Mucho Burrito becomes first Canadian food chain to offer ghost pepper

Jordana Divon
Shine On

Hoping to attract spicy food lovers and daredevils alike, Canada's Mucho Burrito chain has rolled out its own Ghost Pepper burrito, making it the first national franchise to offer the spicy sucker on a menu.

"Heat-inspired dining is a hot trend right now, and we really wanted to spice things up for our guests," says Alex Rechichi, CEO and president of Mucho Burrito, in a statement.

It's impossible to forget the first time you watch a ghost pepper video.

These are the digital records littered around YouTube that typically feature one brave (or crazy) soul consuming a ghost pepper on camera, then spending the next five minutes contorting in agony as one of the world's hottest chili peppers burns its way through their digestive tract.

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Ghost peppers, more formally known as Naga Bhut Jolokia, grow primarily along India's northeast, Bangladesh and Sri Lanka, but are now cultivated around the world. The three-inch peppers measure up to 1 million on the Scoville scale — the ranking used to determine a chili's spicy heat factor.

To put that in perspective, Tabasco peppers (yes, the peppers used in Tabasco sauce) only pull a ranking up to 50,000. To really put that in perspective, law enforcement grade pepper spray rates 1.5 million, making it a much closer neighbour on the heat scale.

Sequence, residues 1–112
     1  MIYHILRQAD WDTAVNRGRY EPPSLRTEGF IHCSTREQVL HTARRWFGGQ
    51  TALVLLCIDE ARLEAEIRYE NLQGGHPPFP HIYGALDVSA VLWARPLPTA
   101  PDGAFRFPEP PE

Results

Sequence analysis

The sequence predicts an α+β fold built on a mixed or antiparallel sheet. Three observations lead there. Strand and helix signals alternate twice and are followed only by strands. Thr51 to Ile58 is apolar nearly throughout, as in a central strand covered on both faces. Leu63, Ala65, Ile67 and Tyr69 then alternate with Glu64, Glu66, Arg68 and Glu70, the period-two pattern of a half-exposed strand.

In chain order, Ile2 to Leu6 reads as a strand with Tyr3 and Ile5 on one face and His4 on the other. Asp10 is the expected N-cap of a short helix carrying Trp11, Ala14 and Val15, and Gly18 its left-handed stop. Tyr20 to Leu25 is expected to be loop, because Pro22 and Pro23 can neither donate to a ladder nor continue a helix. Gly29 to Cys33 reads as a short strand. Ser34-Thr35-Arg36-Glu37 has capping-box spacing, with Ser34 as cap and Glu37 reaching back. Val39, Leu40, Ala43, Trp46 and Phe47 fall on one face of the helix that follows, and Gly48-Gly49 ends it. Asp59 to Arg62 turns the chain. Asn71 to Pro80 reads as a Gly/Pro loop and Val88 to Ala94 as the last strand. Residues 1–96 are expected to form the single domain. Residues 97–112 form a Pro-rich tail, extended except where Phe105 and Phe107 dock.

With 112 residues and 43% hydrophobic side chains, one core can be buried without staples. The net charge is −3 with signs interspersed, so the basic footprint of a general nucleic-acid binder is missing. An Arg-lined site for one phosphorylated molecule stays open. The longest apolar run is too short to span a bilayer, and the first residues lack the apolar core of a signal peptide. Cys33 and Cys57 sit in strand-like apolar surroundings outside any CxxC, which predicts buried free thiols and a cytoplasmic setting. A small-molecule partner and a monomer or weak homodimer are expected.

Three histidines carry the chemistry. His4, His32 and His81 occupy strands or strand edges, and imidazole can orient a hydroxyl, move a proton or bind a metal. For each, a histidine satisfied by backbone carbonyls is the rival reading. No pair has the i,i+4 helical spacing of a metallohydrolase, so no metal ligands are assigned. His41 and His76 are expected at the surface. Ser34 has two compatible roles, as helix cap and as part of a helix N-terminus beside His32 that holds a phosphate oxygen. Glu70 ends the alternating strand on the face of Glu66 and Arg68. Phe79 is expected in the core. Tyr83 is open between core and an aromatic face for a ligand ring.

This is a pepper so hot it's rubbed along fences in some countries to keep elephants away.

Although the Naga Viper recently dethroned the ghost pepper for its "world's hottest" ranking, public fascination with the blazing hybrid hasn't budged.

"With heat-seekers looking to try out new food adventures, we decided to do something that has never before been done and test their limits by bringing the ghost pepper to Canada for the very first time," says Rechichi.

As of Monday, diners can order the special burrito in two designations: Hotter than Hell and Wimpy. The special runs until Nov. 2, or perhaps more fittingly, Mexico's Día de los Muertos (Day of the Dead.)

Both burritos come with ghost pepper bacon, ghost pepper-infused fig marmalade, spicy Mexican rice, salsa and a choice of meat — not that you will be able to taste much once that pepper starts to work its magic.

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While "Wimpy" certainly isn't by any standard, the Hotter than Hell is where you'll get your money's worth. Because in addition to all the pepper-laced ingredients, these bad boys get topped off with a splash of pure Ghost Pepper sauce.

Banking on the YouTube trend, Mucho Burrito is launching a daily giveaway contest in October, encouraging all attention-loving consumers to post photos of their Ghost Pepper burrito experience on the company's Facebook and Twitter pages.

But if you're going to attempt this feat of culinary masochism, please take note. Ghost peppers work on a delay, which means they get hotter as time passes. Many naïve consumers have gotten into trouble by underestimating the multi-coloured pepper's slow boil and biting off more than they can chew.

To remedy its effects, many suggest gulping down a carton of milk. If Mucho Burrito were really enterprising, they'd offer their Ghost Pepper burrito special with an enormous side of dairy.